The explanation is very simple: American growth post-2008 was built upon a new class of workers – the gig workers – who worked intermittently or and/or below subsistence wages. They were not technically unemployed because the BEA changed its methodology during the Bill Clinton era, but were on the edge.

      When it became clear the lockdown wouldn’t end soon, those hordes of subemployed rushed to the SS in order to get that USD 1,200.00 check. Yes, they later discovered it was a scam (they would receive it only in June/July), but the opportunity cost is low (you just need to fill a form on the internet).

      Those geniuses of MMT didn’t know, but the reality is that people don’t work because they want to, they work because they have to. Once they realized they would get paid without working, they seized the opportunity.

      Post-2008 USA economy is built upon hyperexploitation of labor. This means that wages under subsistence levels are essential to its social cohesion. Once MMT was applied, this social contract was broken, and the USA begun to unravel.

      I’m not one to make these kind of bets, but I’m tempted to call it here that the MMTers may well enter in History as the American Gorbachevs.

      1. To expand on my earlier remark–

        Fun Fact: the $1200 stipend has nothing to do with employment status. All that’s required is that you have a social security number or filed taxes with the US government in a prior year.

        So the notion of workers quitting jobs so they’d be eligible for a one-off $1200 payment is……….idiotic, and just another iteration of the right-wing baloney that government subsidies, welfare payments, or even unemployment benefits, make workers lazy, encourage indolence.

        VK asks us to believe that Macy’s isn’t laying off 130,000 people– rather those people quit so they could get a $1200 stipend for which they were already eligible.

        All those restaurant workers, Uber drivers, truckers, theater employees, retail workers, they just up and quit their jobs en masse to become part of the army of the unemployed for the grand sum of $1200 dollars.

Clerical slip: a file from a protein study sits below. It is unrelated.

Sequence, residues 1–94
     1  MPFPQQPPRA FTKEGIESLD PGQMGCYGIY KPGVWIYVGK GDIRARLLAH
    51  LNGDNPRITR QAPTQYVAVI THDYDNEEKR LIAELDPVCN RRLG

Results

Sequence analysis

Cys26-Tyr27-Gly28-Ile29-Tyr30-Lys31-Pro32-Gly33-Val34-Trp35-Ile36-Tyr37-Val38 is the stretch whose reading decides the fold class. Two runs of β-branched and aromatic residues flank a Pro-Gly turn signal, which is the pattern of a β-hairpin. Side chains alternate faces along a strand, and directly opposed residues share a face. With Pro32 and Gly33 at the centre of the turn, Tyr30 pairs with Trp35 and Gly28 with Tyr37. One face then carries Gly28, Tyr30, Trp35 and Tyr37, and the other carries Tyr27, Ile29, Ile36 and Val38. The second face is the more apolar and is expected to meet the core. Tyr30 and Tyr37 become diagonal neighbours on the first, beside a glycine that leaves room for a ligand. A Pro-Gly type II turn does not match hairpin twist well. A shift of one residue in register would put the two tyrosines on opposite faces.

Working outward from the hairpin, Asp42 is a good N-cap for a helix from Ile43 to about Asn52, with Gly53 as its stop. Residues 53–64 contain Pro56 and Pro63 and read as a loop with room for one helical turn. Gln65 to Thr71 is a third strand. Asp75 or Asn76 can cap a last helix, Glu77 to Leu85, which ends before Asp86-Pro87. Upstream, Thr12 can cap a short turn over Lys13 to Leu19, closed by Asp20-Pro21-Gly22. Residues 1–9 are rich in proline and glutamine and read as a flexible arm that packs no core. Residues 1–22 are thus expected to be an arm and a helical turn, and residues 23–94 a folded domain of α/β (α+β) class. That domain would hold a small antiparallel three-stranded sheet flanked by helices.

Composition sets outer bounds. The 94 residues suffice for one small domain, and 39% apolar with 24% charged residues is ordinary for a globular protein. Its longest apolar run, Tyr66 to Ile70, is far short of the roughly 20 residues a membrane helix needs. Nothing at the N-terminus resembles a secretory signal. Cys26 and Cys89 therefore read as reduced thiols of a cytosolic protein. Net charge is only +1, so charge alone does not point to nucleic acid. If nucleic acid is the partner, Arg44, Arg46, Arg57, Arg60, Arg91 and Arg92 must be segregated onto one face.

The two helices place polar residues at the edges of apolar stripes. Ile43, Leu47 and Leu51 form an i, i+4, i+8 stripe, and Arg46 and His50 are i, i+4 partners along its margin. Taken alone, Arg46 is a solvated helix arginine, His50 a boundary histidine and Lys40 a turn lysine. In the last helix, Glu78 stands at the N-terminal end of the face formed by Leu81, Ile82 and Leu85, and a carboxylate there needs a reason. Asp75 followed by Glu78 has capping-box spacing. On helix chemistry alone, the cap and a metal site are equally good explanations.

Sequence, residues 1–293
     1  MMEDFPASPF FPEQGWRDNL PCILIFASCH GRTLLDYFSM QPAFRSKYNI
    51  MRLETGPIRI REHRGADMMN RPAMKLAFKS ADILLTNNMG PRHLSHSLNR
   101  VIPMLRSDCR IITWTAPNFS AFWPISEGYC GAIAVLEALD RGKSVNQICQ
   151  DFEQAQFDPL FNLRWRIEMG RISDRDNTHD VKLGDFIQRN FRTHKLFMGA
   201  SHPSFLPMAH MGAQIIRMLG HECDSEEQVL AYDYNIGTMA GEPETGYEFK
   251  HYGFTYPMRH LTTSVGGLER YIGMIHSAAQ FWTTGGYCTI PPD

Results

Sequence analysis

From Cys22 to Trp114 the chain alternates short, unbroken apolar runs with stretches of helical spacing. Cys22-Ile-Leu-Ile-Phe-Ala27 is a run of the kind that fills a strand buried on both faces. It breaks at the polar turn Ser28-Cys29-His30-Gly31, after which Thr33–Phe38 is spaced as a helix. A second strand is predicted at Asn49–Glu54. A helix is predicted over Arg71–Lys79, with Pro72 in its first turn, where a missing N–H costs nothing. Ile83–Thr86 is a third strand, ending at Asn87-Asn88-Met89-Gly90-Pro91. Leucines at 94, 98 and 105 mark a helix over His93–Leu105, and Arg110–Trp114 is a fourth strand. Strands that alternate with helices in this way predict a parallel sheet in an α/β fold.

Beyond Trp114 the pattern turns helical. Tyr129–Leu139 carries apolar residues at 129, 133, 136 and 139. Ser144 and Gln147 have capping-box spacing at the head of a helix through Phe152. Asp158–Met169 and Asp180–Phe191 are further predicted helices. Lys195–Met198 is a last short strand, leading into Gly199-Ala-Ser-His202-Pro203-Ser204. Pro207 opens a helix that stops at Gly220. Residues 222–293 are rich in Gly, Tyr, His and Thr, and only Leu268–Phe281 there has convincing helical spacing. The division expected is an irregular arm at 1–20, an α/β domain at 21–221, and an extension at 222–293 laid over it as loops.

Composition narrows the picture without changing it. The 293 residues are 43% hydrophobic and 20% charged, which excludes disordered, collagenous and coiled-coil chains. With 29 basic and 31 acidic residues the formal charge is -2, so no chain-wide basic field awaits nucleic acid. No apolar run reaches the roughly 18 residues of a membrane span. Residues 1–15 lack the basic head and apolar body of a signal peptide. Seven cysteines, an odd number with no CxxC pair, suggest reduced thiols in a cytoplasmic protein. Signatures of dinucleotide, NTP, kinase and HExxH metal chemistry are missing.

3. Yes, we could see a resurgence of CPI type inflation in the face of the supply shock. We already see it in India with a galloping inflation emerging in food prices:

    On a related topic, might this be the event that resets your Kondratiev cycle? I’ve never been a “believer” in Kondratiev cycles as theory, regarding them as empirical evidence of something larger than economy, namely that the fate of capital accumulation is inextricably bound up with the fates of capitalist (and non-capitalist) social formations. Otherwise I follow Leon Trotsky’s critique made in 1923:

    In my understanding, then, a “cycle reset” would require not only the quantitative realization of a mass purge of “zombie” and otherwise weak capitals, clearing the deck for another cycle of mass concentration/centralization of capital, but also a *qualitative* restructuration of the *regime of accumulation*. US capitalism, for example, would make a decisive and more or less “permanent” shift from what I call New Deal “labor liberalism” that sought to keep wage labor tied to the labor market (and the consumer market generally, hence “consumerism”), to a more social-democratic short-circuiting of labor market dependence, and forms of social provisioning no longer entirely dictated by the law of value (see Ben Fine on “systems of provision” in “World of Consumption”).

    This second requirement becomes ever more important, by leaps and bounds, as “restarted” accumulation on the basis of a fully restored RoP (not quite achieved in the 1990’s, IMO) becomes a vastly more complex social problem as society itself becomes a qualitatively more complex organism in each succeeding historical era of accumulation (because if the second requirement was not met, there would either be societal collapse or the replacement of capitalism tout court).

    This would define an historical arc of capitalism: as the social organism leaps in complexity with each mass structural reform, the capacity of typically capitalist social relations, including its typical political, cultural and ideological relations, to surmount “the next general crisis” becomes weaker. Each leap must be multiples larger than its predecessors. Hence the probabilities for a successful next leap fall.

    In the final analysis that outcome will be a determinate of politics, not economics.

    1. I don’t think inflation is in the cards at all, not with oil at $20/barrel; auto sales declining well before the pandemic.. it’s just not going to happen.

      1. Depends on how the supply crash goes. The pandemic is the equivalent of a massive, if temporary, destruction of productive capital. And for weaker capitals, it will be RIP, not temporary.